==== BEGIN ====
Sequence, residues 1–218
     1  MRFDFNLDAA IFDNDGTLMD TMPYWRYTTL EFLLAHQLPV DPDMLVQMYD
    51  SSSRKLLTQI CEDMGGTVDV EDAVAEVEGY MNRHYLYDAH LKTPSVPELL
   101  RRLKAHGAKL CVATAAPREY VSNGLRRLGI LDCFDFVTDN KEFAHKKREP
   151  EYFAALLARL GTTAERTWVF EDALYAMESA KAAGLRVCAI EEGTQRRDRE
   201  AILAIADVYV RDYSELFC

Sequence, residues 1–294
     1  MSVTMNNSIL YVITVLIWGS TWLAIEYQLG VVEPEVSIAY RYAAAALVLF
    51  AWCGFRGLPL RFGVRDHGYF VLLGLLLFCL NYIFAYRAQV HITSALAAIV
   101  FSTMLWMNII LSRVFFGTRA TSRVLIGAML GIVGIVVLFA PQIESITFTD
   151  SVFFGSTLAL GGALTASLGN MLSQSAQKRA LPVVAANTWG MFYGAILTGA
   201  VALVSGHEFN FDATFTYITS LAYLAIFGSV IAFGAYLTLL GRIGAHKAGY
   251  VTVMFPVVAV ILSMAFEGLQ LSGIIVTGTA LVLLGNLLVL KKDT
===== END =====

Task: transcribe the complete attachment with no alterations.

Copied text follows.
Sequence, residues 1–218
     1  MRFDFNLDAA IFDNDGTLMD TMPYWRYTTL EFLLAHQLPV DPDMLVQMYD
    51  SSSRKLLTQI CEDMGGTVDV EDAVAEVEGY MNRHYLYDAH LKTPSVPELL
   101  RRLKAHGAKL CVATAAPREY VSNGLRRLGI LDCFDFVTDN KEFAHKKREP
   151  EYFAALLARL GTTAERTWVF EDALYAMESA KAAGLRVCAI EEGTQRRDRE
   201  AILAIADVYV RDYSELFC

Sequence, residues 1–294
     1  MSVTMNNSIL YVITVLIWGS TWLAIEYQLG VVEPEVSIAY RYAAAALVLF
    51  AWCGFRGLPL RFGVRDHGYF VLLGLLLFCL NYIFAYRAQV HITSALAAIV
   101  FSTMLWMNII LSRVFFGTRA TSRVLIGAML GIVGIVVLFA PQIESITFTD
   151  SVFFGSTLAL GGALTASLGN MLSQSAQKRA LPVVAANTWG MFYGAILTGA
   201  VALVSGHEFN FDATFTYITS LAYLAIFGSV IAFGAYLTLL GRIGAHKAGY
   251  VTVMFPVVAV ILSMAFEGLQ LSGIIVTGTA LVLLGNLLVL KKDT